Wednesday, August 4, 2010

Take a Walk through the Forest

A 300 year old tree does not sound impressive compared to the 1,300 year old tree cookie in the main admissions building! But after a walk through the museum's  forest and you will see that a 300 year old tree is still quite an impressive sight. There are two trails that meander through mature second growth forest and provide a great quick walk for all ages.  The North and South Forester's Trails have a gentle slope, are wheelchair accessible, and connect the upper grounds to the playground and exhibit areas on the lower grounds. Black tailed deer and many species of birds and of course, ever-present insects, are commonly seen in the forest.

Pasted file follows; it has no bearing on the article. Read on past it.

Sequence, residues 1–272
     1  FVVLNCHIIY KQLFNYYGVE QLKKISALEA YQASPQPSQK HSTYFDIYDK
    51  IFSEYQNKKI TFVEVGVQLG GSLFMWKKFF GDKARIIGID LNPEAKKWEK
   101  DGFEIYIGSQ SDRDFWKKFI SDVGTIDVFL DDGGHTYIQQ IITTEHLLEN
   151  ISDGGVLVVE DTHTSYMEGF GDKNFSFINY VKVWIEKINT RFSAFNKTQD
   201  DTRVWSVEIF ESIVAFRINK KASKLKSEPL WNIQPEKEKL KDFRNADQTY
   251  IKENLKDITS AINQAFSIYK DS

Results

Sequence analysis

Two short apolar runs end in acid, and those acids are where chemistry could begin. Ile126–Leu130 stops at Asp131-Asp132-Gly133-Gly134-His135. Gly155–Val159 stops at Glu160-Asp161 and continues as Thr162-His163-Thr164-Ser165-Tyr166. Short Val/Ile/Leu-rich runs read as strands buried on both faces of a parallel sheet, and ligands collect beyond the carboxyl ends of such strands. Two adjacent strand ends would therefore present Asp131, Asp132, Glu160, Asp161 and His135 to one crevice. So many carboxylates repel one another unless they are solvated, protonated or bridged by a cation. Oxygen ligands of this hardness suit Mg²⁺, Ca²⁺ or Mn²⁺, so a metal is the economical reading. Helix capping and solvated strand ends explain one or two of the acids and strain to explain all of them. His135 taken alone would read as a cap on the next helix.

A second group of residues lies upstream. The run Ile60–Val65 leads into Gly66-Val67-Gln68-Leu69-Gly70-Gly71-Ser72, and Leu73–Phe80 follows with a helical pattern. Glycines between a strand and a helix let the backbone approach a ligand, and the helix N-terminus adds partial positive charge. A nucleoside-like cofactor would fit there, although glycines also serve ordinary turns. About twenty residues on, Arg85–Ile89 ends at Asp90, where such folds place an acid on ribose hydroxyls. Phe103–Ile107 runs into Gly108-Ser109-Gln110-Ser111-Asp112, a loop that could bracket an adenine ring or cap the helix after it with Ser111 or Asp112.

Evidence of the forest's history, such as large stumps with springboard notches (springboards were used by loggers to stand on while they cut down trees), can be seen from the trail. Flora such as stinging nettle, salal, and large evergreen and deciduous trees are abundant and they provide a cool, refreshing shade in the heat of the summer.

The North Forester's Trail also provides areas to view the locomotive shed,  the Hillcrest No. 1 Shay locomotive, and the BCFDC train as it travels down the steep hill towards the lower grounds.

Forests are an important part of the ecosystem, providing sanctuary for animals and cleaning the air we breathe everyday.  They are also a relaxing place to walk through and change every week during the growing season.

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